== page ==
I.

A.

We state the evidence in the light most favorable to the plaintiffs, the prevailing parties at trial. See

King v. McMillan, 594 F.3d 301, 306 (4th Cir. 2010). The evidence at trial showed that the parties' dispute involved an estate-planning strategy known as " premium financing." In the particular type of premium financing at issue here, an individual establishes an Irrevocable Life Insurance Trust (ILIT), which acquires one or more life insurance policies and pays the insurance premiums with loans obtained from a third-party lender. Each insurance policy consists of two components: (1) the face value of the policy, and (2) an investment component whereby the death benefit, or the amount that is paid to the insurance beneficiaries when the insured dies, increases if the policies retain excess funds above those required to cover the cost of the insurance and related expenses.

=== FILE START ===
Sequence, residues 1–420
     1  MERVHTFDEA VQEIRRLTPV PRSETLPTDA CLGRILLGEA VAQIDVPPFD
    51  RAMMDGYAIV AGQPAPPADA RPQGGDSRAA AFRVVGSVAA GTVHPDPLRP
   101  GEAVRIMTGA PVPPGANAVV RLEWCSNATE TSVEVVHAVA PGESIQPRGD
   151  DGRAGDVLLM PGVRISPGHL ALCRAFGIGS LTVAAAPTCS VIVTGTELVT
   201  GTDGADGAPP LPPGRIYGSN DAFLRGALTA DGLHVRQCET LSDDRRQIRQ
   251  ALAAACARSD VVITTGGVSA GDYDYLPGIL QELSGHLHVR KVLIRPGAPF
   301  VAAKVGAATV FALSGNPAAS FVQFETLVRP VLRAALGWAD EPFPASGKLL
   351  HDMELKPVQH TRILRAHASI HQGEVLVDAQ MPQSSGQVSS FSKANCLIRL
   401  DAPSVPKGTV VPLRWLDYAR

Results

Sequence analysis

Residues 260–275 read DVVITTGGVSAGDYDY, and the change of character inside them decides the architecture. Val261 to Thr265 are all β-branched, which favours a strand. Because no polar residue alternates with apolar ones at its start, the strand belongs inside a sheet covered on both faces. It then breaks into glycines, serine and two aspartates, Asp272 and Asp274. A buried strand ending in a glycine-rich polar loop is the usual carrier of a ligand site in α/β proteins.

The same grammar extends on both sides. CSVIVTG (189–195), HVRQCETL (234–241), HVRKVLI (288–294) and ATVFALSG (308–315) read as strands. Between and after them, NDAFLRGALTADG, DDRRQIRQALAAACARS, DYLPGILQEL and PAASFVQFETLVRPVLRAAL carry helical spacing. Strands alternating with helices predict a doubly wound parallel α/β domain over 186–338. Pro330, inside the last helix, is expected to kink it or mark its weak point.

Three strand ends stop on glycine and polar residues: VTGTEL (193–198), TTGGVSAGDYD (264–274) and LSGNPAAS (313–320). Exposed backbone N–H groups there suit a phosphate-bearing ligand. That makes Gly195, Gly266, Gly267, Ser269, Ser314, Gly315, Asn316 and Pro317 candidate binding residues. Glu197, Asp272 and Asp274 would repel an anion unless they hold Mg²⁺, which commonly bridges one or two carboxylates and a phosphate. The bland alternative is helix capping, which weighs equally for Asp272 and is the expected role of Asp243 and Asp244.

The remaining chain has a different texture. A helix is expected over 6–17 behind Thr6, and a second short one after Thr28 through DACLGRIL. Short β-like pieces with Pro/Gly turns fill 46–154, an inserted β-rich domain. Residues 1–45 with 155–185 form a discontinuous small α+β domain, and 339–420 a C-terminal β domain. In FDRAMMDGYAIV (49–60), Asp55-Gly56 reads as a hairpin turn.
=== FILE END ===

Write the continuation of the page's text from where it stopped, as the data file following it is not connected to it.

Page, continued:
The process of investing in the insurance policies by making payments exceeding the minimum required amount is known as " overfunding." Through this technique, the policy funds grow because the insurance company pays interest on the policies acquired by the ILIT at a specified crediting rate. The goal of overfunding is to borrow from the third-party lender at an interest rate that is lower than the crediting rate, which causes the value of the policies to grow more quickly than the amount of the debt incurred.